After unveiling a new fuel cell-powered prototype vehicle during last year’s Consumer Electronics Show, Toyota is back this year and inviting others to join it in what it calls the "hydrogen society" by making available thousands of hydrogen fuel cell patents, royalty free.
The initiative was announced today at the 2015 Consumer Electronics Show, and Toyota hopes it will spur the development and introduction of fuel cell technologies around the world.
Physicist and futurist Michio Kaku had grand things to say about the Toyota Mirai, the company's first commercially available fuel cell vehicle. The Mirai, he said, is a "game-changer" in terms of everyday life, energy use and politics.
"Seventy-five percent of the universe is Hydrogen," he said. Might as well use it to fuel your car then, eh?
Toyota Senior Vice President for Auto Operations Bob Carter echoed Kaku's sentiment and talked about a discussion between Henry Ford and Thomas Edison, who were good friends despite being competitors, in which Ford predicted gasoline as the power source of the future for automobiles, while Edison went with batteries.
Carter pointed out that in the end, both were right. "Competitors can also be collaborators," he said, before announcing the company's plan to share its hydrogen patents.
"We're at a turning point," stated Carter.
Here's the details: Toyota will make available approximately 5,680 globally held fuel-cell-related patents. Those include critical technologies developed for the Mirai. The list includes approximately 1,970 patents related to fuel cell stacks, 290 associated with high-pressure hydrogen tanks, 3,350 related to fuel cell system software control and 70 patents related to hydrogen production and supply.
"Hopefully by sharing these patents with others, the new fuel cell systems can be refined and improved," he said. "I believe that this marks a turning point in automotive history."
This Toyota initiative builds on previous commitments, including $7.3 million financial investment for the development of a hydrogen fueling infrastructure in California and additional investments to help build 12 more stations in New York, New Jersey, Massachusetts, Connecticut, and Rhode Island.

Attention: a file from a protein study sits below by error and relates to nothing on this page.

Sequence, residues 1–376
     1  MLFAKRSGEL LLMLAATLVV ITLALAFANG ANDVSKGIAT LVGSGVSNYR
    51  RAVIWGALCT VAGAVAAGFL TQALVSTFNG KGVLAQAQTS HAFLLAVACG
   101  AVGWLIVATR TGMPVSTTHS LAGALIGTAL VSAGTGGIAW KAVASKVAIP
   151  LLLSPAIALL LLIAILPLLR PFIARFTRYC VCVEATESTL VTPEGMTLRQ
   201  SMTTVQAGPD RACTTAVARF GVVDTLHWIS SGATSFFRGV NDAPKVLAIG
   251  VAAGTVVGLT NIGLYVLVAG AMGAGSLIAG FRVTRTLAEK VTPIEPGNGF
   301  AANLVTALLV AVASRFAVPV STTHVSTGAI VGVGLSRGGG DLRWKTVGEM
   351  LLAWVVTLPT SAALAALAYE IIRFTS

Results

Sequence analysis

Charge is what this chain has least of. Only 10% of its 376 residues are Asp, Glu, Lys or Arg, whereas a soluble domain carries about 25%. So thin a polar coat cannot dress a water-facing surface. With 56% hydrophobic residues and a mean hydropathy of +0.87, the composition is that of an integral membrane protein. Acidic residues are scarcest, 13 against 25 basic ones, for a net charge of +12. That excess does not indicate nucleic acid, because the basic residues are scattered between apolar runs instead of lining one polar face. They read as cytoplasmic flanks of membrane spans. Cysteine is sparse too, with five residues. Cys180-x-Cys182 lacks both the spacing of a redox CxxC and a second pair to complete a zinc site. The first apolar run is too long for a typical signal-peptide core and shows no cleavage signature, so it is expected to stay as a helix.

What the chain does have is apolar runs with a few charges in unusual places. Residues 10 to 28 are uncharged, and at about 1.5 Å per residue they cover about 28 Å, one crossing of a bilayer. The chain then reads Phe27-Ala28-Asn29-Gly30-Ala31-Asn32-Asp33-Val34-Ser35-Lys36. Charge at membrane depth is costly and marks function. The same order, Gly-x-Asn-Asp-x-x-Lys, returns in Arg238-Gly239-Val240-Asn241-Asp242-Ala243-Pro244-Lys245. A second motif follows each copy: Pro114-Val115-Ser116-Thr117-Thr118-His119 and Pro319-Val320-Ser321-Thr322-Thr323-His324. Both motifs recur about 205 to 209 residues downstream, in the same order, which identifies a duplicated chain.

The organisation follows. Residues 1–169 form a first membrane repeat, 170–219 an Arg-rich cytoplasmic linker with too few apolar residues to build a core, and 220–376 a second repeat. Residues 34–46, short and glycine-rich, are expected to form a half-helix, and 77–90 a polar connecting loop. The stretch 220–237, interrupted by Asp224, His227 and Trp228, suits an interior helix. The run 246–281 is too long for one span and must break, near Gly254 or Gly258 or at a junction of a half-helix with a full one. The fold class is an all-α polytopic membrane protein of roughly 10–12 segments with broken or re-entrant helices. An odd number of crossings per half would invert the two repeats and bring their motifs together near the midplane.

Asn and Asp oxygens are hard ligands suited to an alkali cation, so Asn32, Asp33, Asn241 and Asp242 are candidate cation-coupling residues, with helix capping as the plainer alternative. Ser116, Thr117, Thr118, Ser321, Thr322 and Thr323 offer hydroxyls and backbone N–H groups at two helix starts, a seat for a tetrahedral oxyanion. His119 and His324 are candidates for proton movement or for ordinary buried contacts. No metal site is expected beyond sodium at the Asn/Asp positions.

Fuel cells in cars combine hydrogen with oxygen from the air to power an electric motor and produces only water as a waste product, meaning that the cars truly produce zero emissions. However, as of early 2014, there were only 10 hydrogen fueling stations in the country, which limits the viability of hydrogen-powered vehicles. There are dozens more stations in the works, but it would take a major effort to make hydrogen facilities as ubiquitous as those that dispense gasoline and diesel.
Toyota’s hydrogen fuel cell patents will be made available to automakers who will produce and sell fuel cell vehicles, as well as to fuel cell parts suppliers and energy companies who establish and operate fueling stations, through the initial market introduction period, anticipated to last until 2020. Companies working to develop and introduce fuel cell buses and industrial equipment, such as forklifts, are also covered.
Patents related to fuel cell vehicles will be available for royalty-free licenses until the end of 2020. Patents for hydrogen production and supply will remain open for an unlimited duration. As part of licensing agreements, Toyota will request but not require that other companies share their fuel cell-related patents with Toyota for similar royalty-free use.
Companies interested in Toyota’s fuel cell-related patents will negotiate individual contracts with Toyota.
The Mirai, which quite appropriately means "the future" in Japanese, rolls out this fall.